Lambchop takes a hard left turn on their new album FLOTUS , which makes heavy use of electronic instrumentation and treated vocals.
The long-running and beloved Nashville band Lambchop have been making uniquely postmodern guitar-based music for over two decades now. Like fellow 1990s tentpoles Pavement or Guided by Voices, Lambchop are experimental traditionalists. While the former took influence from AM pop and the experimental rock canon and the latter took British Invasion pop and filtered it through cheap four-track recordings, Lambchop’s initial sound came from classic country songwriting, with ballads that could easily fit in old saloons or traditional concert halls. Since then, the band has moved through an array of styles from the rock canon, handling all beautifully and professionally.
And yet, there’s something knowing and irreverent about the band. Lambchop has named albums after disgraced Republican presidents and Michael Jackson's biggest-selling album. They call their catchiest tune "Your Fucking Sunny Day". But this tongue-in-cheek postmodern humor is tempered by beautiful observations from dulce-voice singer Kurt Wagner like, "The wine tasted like sunshine in a basement." The band is sentimental but wise. They don't overreach sonically or lyrically like less artistically successful groups that operate in the same territory, such as the Hold Steady. Their previous album, Mr. M was a measured affair, written mostly as Wagner’s reaction to the death of friend and collaborator Vic Chesnutt. Full of syrupy strings and a measured sense of morality, Mr. M is one of Lambchop’s most beautiful efforts. Throughout the album, there are wonderful flourishes that conjure the romance and promise of Hollywood's Golden Age. But their new record, FLOTUS, is a hard left-turn back into experimental territory.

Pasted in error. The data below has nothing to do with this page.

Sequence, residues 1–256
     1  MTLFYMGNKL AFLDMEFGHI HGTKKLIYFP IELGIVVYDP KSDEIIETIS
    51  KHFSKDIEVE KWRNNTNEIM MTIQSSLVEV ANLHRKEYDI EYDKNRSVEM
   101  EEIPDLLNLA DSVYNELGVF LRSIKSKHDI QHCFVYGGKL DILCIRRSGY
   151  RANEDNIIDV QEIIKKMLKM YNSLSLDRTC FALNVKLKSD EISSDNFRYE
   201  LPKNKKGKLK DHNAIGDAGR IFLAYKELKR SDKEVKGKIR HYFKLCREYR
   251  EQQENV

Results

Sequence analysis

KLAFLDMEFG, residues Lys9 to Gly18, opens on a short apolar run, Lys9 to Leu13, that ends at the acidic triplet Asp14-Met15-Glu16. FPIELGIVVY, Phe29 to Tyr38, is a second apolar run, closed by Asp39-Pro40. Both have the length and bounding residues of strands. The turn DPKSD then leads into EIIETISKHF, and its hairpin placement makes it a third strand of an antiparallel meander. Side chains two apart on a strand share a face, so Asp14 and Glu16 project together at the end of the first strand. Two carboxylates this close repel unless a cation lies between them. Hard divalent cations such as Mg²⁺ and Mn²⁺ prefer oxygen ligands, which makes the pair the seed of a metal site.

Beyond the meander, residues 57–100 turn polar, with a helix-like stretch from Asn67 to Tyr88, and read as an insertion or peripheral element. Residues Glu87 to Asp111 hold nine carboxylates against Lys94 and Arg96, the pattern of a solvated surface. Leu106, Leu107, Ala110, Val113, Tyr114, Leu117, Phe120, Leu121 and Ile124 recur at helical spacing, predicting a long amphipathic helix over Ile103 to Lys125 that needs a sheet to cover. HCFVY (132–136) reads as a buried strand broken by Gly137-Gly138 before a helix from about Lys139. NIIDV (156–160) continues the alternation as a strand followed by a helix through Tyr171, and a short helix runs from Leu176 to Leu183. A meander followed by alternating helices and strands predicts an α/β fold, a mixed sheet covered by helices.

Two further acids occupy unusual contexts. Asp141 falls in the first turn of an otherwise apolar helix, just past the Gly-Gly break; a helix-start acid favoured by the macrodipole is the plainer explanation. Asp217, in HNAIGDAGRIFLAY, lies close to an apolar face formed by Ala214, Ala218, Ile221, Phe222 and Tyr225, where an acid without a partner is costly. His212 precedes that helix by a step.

FLOTUS (an acronym for “For love often turns us still", yet another representative of Wagner's poetic ability) is a weightless but propulsive collection of ambient-leaning rock music, featuring heavy use of treated vocals from Wagner. It’s a strange move as Wagner’s vocals are one of Lambchop’s most ingratiating elements, ably giving lilt to lyrics that might read as wry on paper to something much richer. Throughout FLOTUS , the lyrics are increasingly hard to parse, with Wagner’s voice acting as another layer to the rich sound the band is created. The first song, “In Care of 8675309” mixes a classically-styled ballad in the vein of Bob Dylan’s list songs like “Sad-Eyed Lady of the Lowlands” with Wagner’s vocodered voice, creating a new juxtaposition that’s both familiar and totally alien. This spirit continues throughout the rest of the album’s shifting soundscapes, which feature dub bass, electronic percussion, and the piano serving as the album’s true guiding light.
FLOTUS is a beautiful and enveloping record, but it’s tough to grasp onto, fully enacting Brian Eno’s definition of ambient, which is music that’s “as ignorable as it's interesting". Like previous efforts, Lambchop handles this new approach with workmanlike precision. The album’s final track, “The Hustle”, is a perfect bookend, as it takes the ambient elements that the album has explored, but pairs them with more forceful playing, an epic structure, and clean vocals from Wagner. It’s the most immediate song on the entire album and a classic that stands up with anything that they’ve done previously.
And yet, there is something indistinct and unknowable about FLOTUS. As deftly as it is handled, the album lacks a distinct center. It feels like a stepping stone from an ever-evolving act for their next release. Lambchop operates with supreme confidence and a willingness to through the book on how to do things out the window. But one senses that this is a floating state for the band. Something temporary and transitory. And we can only hope that it will lead to something even richer in the future.